Posted by & filed under Control.

Following the protests in Egypt and the fall of Hosni Mubarak, many are questioning how the Egyptian government chose to respond to social media and the internet. Rather than harnessing its power or, at least minimally, trying to manage it, Mubarak’s regime simply tried to shut it down. Other governments take different approaches, some going so far as to establish units to monitor and influence the content on social media.


  1. In a very narrow sense, we might think of control as something managers use to ensure a set of correct production outcomes. Check the definition for controlling in your text again. It invites a narrow interpretation. But think about it. What does control mean for a manager, particularly one in today’s information economy? What does control mean for the various regimes mentioned in the article?
  2. What type of control is being utilized by the governments that are “properly” managing social media?
  3. Are governments relying on internal or external control of social media? What form does this control take?

SOURCE: E. Morozov, “Smart Dictators Don’t Quash the Internet,” Wall Street Journal (Retrievable online at

Posted by & filed under Management.

Until recently, the Calgary Flames were not considered a playoff contender. Shortly after Christmas, General Manager Darryl Sutter was relieved of duty and replaced by Jay Feaster. Suddenly, things began to change. The team is on an incredible winning streak and everyone, from the administrative offices on down, comments about what a different atmosphere exists within the organization.


  1. Darryl Sutter was described as an “old-school manager.” How would you describe him? From what little is reported, would you say his approach was classical or behavioral? Can you narrow it down any further?
  2. Review the research on employee attitudes and performance associated with the Hawthorne Studies. Compare and contrast this to what happened with the Flames in the last two months.
  3. What aspects of high-performance organizations do the Calgary Flames exhibit under the leadership of Mr. Feaster?

SOURCE: E. Duhatschek, “How the Flames Righted the Ship,” Globe and Mail (Retrievable online at

Posted by & filed under Communication.

When former Egyptian President Hosni Mubarak shut down internet access in the country, most thought it was just an attempt to control what was being reported about the situation. What we may just now be realizing is the important role that social media played in the protests and the eventual toppling of the president. Different forms of technology figured prominently in protest movements of the past, namely Iran in 1979 and the former Soviet Union in 1989. But Twitter and Facebook appear to be more effective means for communicating information vital to such events.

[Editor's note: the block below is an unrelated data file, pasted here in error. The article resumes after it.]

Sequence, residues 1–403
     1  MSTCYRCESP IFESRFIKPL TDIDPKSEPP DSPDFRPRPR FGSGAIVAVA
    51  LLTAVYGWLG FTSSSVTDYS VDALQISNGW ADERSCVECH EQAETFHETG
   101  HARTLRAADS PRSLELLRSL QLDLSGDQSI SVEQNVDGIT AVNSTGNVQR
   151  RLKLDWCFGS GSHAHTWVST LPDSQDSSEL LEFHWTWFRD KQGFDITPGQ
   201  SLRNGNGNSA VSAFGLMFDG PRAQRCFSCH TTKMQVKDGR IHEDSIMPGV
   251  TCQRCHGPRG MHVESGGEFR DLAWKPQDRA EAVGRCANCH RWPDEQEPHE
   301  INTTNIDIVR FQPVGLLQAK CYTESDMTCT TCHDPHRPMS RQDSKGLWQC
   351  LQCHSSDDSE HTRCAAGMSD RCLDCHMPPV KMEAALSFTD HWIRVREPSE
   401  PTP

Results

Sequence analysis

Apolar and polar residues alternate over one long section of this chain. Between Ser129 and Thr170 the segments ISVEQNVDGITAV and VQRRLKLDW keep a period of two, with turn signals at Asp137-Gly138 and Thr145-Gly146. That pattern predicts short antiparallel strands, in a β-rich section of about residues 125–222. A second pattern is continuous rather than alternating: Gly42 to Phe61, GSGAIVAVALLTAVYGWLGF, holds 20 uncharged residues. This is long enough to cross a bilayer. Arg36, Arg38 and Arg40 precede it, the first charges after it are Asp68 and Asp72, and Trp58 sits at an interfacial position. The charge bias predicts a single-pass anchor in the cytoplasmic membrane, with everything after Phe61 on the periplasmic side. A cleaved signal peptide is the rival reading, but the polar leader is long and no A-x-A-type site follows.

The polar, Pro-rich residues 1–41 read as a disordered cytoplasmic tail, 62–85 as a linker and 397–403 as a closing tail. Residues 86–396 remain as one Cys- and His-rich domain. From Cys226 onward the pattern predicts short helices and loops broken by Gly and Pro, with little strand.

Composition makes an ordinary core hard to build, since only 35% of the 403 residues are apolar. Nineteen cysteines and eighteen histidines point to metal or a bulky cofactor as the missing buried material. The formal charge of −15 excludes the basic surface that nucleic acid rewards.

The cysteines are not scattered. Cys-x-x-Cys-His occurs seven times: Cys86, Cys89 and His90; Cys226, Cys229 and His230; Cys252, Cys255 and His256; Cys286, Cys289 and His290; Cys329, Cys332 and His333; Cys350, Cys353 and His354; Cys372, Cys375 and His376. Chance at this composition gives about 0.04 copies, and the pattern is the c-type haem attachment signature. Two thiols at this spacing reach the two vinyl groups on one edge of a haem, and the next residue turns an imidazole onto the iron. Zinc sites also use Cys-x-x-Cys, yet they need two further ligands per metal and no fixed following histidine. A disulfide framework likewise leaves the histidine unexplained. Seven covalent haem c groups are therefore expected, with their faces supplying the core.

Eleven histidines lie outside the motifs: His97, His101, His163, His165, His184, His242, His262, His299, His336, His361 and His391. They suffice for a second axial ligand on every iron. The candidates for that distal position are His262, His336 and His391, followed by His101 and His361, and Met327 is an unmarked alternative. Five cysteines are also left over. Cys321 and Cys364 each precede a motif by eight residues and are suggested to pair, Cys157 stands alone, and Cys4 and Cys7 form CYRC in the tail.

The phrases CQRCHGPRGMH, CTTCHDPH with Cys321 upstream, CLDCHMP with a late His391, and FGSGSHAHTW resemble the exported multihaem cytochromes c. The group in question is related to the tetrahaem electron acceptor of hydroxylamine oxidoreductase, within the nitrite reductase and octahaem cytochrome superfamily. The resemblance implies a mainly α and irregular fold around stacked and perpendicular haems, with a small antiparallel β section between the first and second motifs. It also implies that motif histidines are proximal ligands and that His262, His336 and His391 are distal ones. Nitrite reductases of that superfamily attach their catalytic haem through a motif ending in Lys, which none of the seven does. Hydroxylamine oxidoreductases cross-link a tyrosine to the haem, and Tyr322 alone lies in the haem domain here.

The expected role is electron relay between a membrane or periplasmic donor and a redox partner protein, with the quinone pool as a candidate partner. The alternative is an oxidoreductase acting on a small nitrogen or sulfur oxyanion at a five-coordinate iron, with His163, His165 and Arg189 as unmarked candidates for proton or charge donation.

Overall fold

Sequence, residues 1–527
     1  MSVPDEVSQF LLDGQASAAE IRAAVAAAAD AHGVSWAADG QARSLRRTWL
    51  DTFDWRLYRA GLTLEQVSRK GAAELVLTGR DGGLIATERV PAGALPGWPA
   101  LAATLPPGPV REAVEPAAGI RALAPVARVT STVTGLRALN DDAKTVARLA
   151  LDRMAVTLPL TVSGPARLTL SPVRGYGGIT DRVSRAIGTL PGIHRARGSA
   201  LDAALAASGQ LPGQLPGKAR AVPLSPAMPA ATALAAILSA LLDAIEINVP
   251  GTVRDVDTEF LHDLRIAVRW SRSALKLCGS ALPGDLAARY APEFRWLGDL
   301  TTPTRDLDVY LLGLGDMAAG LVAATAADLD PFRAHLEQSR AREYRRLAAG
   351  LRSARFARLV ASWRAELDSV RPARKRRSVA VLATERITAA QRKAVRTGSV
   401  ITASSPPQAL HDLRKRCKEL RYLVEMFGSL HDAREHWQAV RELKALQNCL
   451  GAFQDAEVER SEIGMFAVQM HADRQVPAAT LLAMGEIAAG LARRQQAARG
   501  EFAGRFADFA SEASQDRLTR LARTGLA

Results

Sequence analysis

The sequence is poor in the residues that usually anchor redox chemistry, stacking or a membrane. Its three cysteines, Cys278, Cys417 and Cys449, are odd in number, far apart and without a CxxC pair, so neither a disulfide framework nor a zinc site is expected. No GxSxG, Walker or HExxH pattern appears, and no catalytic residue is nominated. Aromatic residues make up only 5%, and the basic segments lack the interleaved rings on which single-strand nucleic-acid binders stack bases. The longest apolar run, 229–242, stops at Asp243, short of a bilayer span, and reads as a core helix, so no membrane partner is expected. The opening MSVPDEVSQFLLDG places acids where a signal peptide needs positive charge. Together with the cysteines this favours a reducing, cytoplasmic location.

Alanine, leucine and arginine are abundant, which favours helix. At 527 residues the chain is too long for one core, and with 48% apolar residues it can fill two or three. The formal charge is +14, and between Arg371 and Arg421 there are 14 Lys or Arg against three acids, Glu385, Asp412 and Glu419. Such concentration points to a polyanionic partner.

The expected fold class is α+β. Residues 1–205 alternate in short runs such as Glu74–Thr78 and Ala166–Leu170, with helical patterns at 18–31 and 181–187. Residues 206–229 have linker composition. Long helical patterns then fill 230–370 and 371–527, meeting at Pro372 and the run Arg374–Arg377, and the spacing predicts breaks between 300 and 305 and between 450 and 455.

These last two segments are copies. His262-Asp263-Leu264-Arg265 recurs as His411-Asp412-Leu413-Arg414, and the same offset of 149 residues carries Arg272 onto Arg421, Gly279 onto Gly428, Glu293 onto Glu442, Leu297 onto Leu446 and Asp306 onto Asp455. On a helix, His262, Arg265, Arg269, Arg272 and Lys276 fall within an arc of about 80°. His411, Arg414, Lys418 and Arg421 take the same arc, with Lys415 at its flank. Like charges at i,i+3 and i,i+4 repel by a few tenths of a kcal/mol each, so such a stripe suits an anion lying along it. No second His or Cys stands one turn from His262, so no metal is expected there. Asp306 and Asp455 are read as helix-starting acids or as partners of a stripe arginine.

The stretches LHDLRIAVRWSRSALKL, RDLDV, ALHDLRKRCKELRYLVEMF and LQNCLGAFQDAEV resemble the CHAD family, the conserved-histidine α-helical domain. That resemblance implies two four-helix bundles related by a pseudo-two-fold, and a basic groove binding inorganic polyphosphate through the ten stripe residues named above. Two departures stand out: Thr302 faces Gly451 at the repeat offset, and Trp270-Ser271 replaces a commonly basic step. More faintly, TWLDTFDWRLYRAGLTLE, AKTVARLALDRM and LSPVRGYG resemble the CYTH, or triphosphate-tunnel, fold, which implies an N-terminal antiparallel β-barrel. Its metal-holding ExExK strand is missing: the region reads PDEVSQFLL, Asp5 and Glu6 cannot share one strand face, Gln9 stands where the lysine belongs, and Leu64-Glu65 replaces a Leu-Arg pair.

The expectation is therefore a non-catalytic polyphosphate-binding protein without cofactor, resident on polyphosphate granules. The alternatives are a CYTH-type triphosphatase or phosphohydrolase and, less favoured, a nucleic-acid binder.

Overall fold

1. How do the new technologies of Facebook, Google, and Twitter compare to older technologies (e.g., fax machines) in terms of effectiveness and efficiency?
  2. Discuss the importance of persuasive and credible communication in the recent protests in Egypt.
  3. Facebook and Twitter are moderately rich channels versus the public gatherings in Tahrir Square. Does channel richness matter in a large-scale political protest movement? Why or why not?

SOURCE: C. Rhoads, “Technology Poses Big Test for Regimes,” Wall Street Journal (Retrievable online at

Posted by & filed under Environment.

Concerns over the skyrocketing cost of health care, particularly prescription medication resulted in laws to regulate the industry. One such law prohibits manufacturers of generic drugs from paying professional allowances (rebates) to pharmacies. Rather than fight the ruling, large discount pharmacies such as Shoppers Drug Mart are instead focusing on boosting their own private-label drug offerings. For now, Ontario Superior Court is siding with their right to do so. If the practice continues, it could effectively squeeze out small independent pharmacies, but may also invite other large retailers, such as Wal-Mart Canada and Loblaws, to compete.


  1. What dynamic forces in the general environment (for pharmacy companies) are involved in this situation? Identify all that are relevant and discuss the impact they have.
  2. Does Shoppers Drug Mart’s decision to enhance its Sanis line of private-label drugs represent value creation? Why or why not?
  3. In what ways is the development of a strong private label a competitive advantage?

SOURCE: M. Strauss, “Pharmacies Face Upheaval with Private-Label Drug Ruling,” Globe and Mail (Retrievable online at

Posted by & filed under Motivation.

Ken Mikalauskas spent 15 years working in the corporate world and never felt satisfied. He wanted more control. His first move was to leave the big city and then he eventually struck out on his own. He realized that being in business for himself was not without risks, but that he had to face those fears in order to be successful – and fulfilled.


  1. The article described Ken Mikalauskas as a “good worker but not a good employee.” What aspect of motivation is missing? What level of needs is represented by his desire to leave the corporate world and be in the driver’s seat?
  2. Now view the related video clip about DBB Canada. Aside from being “cool,” how does DBB’s office space contribute to worker motivation?
  3. Examine the critical psychological states of the Job Characteristics Model. While all three are important, which one is dominant in Ken’s current work arrangement?

SOURCE: N. N. Farooqi, “Office Worker Ditches Big Jobs, Big City,” Globe and Mail (Retrievable online at

Related video clip at:

Posted by & filed under Human Resource Management.

After a near collapse of the United States automobile industry and record bailouts by the U.S. Government, automakers are offering huge bonus payments to their UAW employees. Workers believe the move is justified because they made equally large concessions to help their employers get through tough times. The payments are being made in advance of new contract negotiations where the companies are expected to ask union workers to give up their cost of living adjustments in favor of gain-sharing plans.